At this year's E3, Bethesda Softworks very quietly teased a new Wolfenstein game. A screen of a DOS-style directory that kicked off the studio's pre-E3 conference listed the three Wolfenstein titles relevant to Bethesda's run with the game—Wolf3D, The New Order, and The Old Blood—and a fourth, New Colossus, which of course nobody had ever heard of. New Colossus is the title of the famous poem that reads, in part, "Give me your tired, your poor, your huddled masses yearning to be free," that hero BJ Blazkowicz quotes during the game's tear-jerking close.
It was an obvious Wolfenstein tease that ended in frustration: Nothing else happened. Bethesda said nada about a sequel, and in fact didn't even acknowledge the presence of the tease at all. The whole thing blew over, largely unnoticed and quickly forgotten. But Blazkowicz voice actor Brian Bloom brought it up again in a recent interview with Two Left Sticks, in which he was very careful to not say that Bethesda is not not working on a new Wolfenstein game, and may not in fact already be not doing that right at this very moment.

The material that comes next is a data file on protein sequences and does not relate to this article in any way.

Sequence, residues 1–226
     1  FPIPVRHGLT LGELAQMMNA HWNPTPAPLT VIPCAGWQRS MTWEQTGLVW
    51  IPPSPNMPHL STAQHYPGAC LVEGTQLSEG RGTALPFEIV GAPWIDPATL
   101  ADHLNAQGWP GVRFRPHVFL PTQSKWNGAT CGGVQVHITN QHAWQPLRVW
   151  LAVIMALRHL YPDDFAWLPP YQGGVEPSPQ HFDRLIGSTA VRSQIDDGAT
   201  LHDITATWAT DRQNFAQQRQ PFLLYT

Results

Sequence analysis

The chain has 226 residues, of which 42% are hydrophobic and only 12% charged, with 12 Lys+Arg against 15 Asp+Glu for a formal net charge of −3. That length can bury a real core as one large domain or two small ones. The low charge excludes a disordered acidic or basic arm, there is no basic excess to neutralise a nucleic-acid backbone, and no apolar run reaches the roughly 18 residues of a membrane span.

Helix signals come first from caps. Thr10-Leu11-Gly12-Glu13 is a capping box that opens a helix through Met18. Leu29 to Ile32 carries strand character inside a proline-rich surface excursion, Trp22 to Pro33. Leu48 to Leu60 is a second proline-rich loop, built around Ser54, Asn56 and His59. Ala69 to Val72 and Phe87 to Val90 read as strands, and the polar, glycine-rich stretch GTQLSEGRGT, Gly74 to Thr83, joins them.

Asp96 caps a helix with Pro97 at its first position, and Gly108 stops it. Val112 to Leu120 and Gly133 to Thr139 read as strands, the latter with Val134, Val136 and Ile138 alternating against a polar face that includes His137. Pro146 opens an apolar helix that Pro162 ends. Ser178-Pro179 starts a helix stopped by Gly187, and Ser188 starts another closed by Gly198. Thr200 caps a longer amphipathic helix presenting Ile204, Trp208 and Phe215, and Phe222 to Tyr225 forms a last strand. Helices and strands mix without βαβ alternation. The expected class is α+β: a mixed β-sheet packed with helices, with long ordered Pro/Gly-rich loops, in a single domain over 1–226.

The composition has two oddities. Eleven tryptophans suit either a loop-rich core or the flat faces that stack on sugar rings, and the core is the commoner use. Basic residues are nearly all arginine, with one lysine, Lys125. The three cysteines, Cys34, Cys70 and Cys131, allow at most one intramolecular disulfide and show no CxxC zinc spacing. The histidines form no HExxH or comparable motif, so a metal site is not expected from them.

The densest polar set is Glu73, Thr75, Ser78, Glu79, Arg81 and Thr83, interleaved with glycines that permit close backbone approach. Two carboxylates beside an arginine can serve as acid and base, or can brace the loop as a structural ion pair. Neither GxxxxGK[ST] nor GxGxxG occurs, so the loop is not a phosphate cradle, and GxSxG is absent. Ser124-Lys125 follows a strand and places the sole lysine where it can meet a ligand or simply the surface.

"I’ll be safe with this answer. If you look at Bethesda’s E3 2016 lineup there was a title hinted at in a cool way. It sparked a bit of wildfire. That subtle, very simple DOS language, going through the titles. Perhaps we’re working on that as we speak," he said, not hugely subtley. He also hinted rather strongly that Blazkowicz's tale is not yet concluded. "Whoever BJ Blazkowicz was, in the content we have so far, he’s the articulation of a promise not kept; a country that surrendered while he was in a coma. He’s fighting a war on his own with a very small group of people, completely outgunned and out-manned. A world taken over by the scourge of racism, nazism, and fascism."
Wolfenstein: The New Order is probably the best Wolfenstein game to come along since the original, and BJ Blazkowicz is the ultimate FPS archetype—the well from which all subsequent gun-toting meatheads has sprung. So some future Wolfenstein sequel is very much a "yes, obviously" sort of thing. Even so, it's nice to hear, even unofficially, that it's actually happening, and Bloom's thoughtfulness about the character and the world in which he lives gives me hope that maybe it can be as smart and moving (yes, seriously) as the game that brought him back.